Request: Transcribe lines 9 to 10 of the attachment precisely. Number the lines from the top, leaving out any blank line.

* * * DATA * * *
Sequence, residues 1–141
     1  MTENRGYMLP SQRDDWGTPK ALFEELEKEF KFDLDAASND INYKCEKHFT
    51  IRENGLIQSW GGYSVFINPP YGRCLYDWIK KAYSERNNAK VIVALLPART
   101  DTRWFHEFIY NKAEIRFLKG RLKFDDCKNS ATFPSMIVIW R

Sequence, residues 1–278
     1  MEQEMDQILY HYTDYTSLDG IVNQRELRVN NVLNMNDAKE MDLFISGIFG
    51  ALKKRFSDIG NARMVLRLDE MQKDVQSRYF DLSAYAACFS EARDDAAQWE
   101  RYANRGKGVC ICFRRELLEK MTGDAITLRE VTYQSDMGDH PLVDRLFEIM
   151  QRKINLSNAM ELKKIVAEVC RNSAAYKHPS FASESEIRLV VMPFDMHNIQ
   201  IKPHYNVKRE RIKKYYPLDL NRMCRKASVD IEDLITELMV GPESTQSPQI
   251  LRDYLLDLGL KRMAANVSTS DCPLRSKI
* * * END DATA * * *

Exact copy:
   151  QRKINLSNAM ELKKIVAEVC RNSAAYKHPS FASESEIRLV VMPFDMHNIQ
   201  IKPHYNVKRE RIKKYYPLDL NRMCRKASVD IEDLITELMV GPESTQSPQI